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Sticky Fingers: The Lost Session Photographs by Peter Webb

Exhibition dates 16 July to 3 September 2011 Snap Galleries 8 Piccadilly Arcade London SW1Y 6NH t: 0207 493 1152 e:


Sticky Fingers The Lost Session

these incredible lost session images together in a comprehensive gallery exhibition for the first time anywhere in the world, some in sizes up to 6ft wide.

Photographs by Peter Webb

The exhibition opens to the public on Saturday 16 July 2011, and takes over two of the three floors in the gallery. We have worked hard to make sure that there is something for everyone in this exhibition. We hope you enjoy it as much as we have enjoyed putting it together.

An exhibition of unpublished photographs of the Rolling Stones in association with Raj Prem Fine Art Photography

“They knew exactly where they were all the time, and were simply waiting to be found!” Peter Webb, on his lost Sticky Fingers session negatives.

It’s a story that would give any photographer sleepless nights. A classic photo-session for one of the biggest bands on the planet, The Rolling Stones, for the cover of one of their most critically acclaimed albums, Sticky Fingers. Disaster then strikes, as British photographer Peter Webb’s negatives go missing soon after the 1971 shoot. Then, out of nowhere, they are discovered again after almost 40 years. Detailed scanning of the negatives by Peter Webb reveals a collection of previously unpublished photographs of The Rolling Stones, both group shots and solo portraits, in black and white and colour. Sticky Fingers was released 40 years ago, and it is a pleasure, in this anniversary year, to be showing

The narrative that follows in this catalogue takes interested readers through the history of the session, the disappearance and the subsequent rediscovery of Peter’s negatives. Own a Stone Everything in this catalogue is available to purchase in limited editions in a range of sizes. You can view price and size options online at You can also call us at the gallery on +44 (0)207 493 1152 or email at Of course this catalogue is never going to be a substitute for viewing these incredible photographs in the flesh, but it’s as close as we can get for you. Enjoy! Guy White, Director, Snap Galleries Ltd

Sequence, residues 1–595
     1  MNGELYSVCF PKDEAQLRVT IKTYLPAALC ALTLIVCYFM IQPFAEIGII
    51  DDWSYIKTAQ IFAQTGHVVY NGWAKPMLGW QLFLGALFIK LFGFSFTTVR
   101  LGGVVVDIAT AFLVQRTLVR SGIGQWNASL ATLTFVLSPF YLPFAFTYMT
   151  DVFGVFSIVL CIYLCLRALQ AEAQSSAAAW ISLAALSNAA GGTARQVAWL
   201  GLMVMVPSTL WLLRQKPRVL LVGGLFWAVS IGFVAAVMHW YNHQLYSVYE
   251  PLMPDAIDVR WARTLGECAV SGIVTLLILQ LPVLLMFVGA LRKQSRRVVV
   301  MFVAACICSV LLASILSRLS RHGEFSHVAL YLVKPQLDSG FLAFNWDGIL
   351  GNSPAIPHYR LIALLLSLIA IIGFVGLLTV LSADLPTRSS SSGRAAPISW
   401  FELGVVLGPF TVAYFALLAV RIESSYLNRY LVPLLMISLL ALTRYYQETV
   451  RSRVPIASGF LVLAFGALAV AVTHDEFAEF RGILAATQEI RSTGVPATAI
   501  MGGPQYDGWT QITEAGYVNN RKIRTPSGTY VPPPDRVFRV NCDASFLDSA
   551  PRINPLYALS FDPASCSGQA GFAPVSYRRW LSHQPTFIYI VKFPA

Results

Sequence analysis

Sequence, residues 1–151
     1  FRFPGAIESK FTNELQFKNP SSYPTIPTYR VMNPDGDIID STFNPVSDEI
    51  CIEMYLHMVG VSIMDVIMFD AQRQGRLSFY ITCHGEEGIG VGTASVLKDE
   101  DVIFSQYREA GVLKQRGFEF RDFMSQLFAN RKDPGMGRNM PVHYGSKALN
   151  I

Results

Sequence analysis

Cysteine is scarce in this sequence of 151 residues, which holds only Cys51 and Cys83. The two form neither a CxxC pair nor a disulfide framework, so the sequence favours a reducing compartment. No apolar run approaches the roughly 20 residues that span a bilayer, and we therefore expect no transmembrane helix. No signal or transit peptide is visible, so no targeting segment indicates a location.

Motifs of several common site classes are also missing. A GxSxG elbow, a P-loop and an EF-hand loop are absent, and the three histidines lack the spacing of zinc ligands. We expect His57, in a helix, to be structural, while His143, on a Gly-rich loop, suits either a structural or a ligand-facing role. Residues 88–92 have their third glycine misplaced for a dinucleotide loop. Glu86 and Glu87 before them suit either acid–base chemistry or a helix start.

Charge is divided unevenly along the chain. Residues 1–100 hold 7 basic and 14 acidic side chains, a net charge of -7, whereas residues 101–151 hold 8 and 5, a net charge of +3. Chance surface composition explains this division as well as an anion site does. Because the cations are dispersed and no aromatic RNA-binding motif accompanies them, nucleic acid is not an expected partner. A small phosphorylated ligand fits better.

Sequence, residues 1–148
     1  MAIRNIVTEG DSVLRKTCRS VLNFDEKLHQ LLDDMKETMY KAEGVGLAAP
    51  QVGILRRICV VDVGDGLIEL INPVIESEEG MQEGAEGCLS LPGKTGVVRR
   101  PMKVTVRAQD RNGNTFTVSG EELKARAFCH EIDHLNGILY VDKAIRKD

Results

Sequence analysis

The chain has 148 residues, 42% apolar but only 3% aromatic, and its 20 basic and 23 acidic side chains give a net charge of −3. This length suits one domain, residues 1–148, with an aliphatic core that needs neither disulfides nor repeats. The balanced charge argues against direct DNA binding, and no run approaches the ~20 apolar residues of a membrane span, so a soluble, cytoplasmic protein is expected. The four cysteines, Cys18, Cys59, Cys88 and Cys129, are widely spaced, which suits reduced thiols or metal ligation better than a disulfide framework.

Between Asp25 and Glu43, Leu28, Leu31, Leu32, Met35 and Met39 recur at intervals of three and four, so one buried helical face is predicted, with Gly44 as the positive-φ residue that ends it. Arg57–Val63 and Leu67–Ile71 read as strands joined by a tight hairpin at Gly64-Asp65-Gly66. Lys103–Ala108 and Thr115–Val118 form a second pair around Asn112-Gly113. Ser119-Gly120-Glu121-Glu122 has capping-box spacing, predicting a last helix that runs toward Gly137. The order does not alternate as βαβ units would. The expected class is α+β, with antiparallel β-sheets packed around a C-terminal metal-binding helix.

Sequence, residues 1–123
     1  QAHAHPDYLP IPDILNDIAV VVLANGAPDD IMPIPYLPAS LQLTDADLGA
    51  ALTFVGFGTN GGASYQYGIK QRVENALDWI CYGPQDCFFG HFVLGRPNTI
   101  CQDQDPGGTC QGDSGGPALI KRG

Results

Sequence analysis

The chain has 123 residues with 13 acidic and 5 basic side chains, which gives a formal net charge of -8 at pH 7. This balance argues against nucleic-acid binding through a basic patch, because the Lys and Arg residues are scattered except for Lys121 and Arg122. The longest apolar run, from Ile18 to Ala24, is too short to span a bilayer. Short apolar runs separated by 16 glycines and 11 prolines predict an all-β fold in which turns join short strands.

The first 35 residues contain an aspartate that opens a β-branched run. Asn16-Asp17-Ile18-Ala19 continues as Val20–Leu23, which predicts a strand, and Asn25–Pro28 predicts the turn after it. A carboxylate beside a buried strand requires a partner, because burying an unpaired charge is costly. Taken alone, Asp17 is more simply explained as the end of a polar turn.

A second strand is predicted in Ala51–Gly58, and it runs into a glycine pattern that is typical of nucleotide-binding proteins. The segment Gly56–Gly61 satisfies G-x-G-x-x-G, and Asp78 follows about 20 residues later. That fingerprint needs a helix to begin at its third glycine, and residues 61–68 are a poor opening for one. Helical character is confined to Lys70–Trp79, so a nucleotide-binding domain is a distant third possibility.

Snap Galleries 8 Piccadilly Arcade London SW1Y 6NH t: 0207 493 1152 e:


The Glimmer Twins

Seated Stone

Angled Stone

The origins of the Sticky Fingers photo-session After graduating, Peter Webb took an extended trip to New York in the mid sixties. During his stay, Webb’s brother-in-law, Bill Peirce, (himself a NYC based photographer) taught him enough of the rudiments of photography for Webb to blag his way into a job assisting the legendary photographer and director Howard Zieff. It was while he assisted Zieff, that he was entrusted with the construction of an extraordinary 20 foot “walk-in” strobe lighting bank, the concept of which Zieff had conveniently borrowed from his good friend Irving Penn. It was this enormous lighting bank that Peter would later employ himself in the intricate construction of his 1971 session with the Stones. Webb returned from the USA, and subsequently was introduced to the Rolling Stones by David Puttnam, in his previous incarnation as a photographers’ agent in the early 1970’s. Puttnam had seen Peter’s plate camera portraits

and had mistakenly thought they must be the work of Penn or Zieff, little realizing they were produced by a then unknown UK photographer who had assisted Zieff in New York some years before. Puttnam said the band were “looking to do some shots for a forthcoming album”, and that Webb should set up a meeting at their office in town. He duly appeared at the Stones office and was ushered in to meet Jagger, a daunting milestone in itself. Peter explains: “I presented my concept for the session, based around the ‘surrealist’ type of advertising work I was into at the time, heavily influenced by Magritte. I envisaged the band dressed in Victorian boating attire, posed with oars primed in a beautiful wooden rowing boat. However the boat would not be on any river, it would be in a Victorian Photography Studio, with an elegantly painted backdrop of a period Henley, their oars resting on a wooden studio floor.

Snap Galleries 8 Piccadilly Arcade London SW1Y 6NH t: 0207 493 1152 e:


Twelve by five: contact sheet

Alarmingly however, during the course of my presentation, Jagger produced a series of widemouthed yawns and seemingly by way of dismissal suggested I pitch my ideas to Charlie Watts in the next door office, and who was “into Art”. I was duly ushered in to meet Watts, whose monosyllabic responses made Jagger’s seem wholly enthusiastic in comparison.” Webb duly retired to lick his creative wounds, and to consider another option ASAP. He had been hugely impressed by Irving Penn’s classic B/W studio portraits of Haight-Ashbury hippy families and Hell's Angels for Life Magazine some years earlier, and decided he would photograph the band “as they were” on a suitably neutral studio constructed backdrop. Webb continues: “I had also been advised by a photographer friend that the band “were trouble” to photograph and could end up throwing “V” signs etc. to the camera - an attitude I thought I would encourage with a moody distressed grey-

toned backdrop, to capture the brooding streetwise image I presumed the band would like to project.” After many days of extensive testing of lighting and background tones, including the adaption of an extended ‘walk in’ lighting bank similar to the one that he had constructed for Zieff, coupled with the construction of a large hand-painted backdrop, the band finally showed at Webb’s studios, a converted Victorian Riding School and Stables in Park Village East, next to Regent’s Park in central London. “They immediately registered disappointment that they were going to be photographed in their own clothes, and that there was no “idea” anywhere in sight. And far from being “trouble”, the band stood like lost schoolboys on the over-scaled backdrop, and were not only compliant to my instructions in arranging them, but even seemed somewhat camera shy – which was totally unexpected.”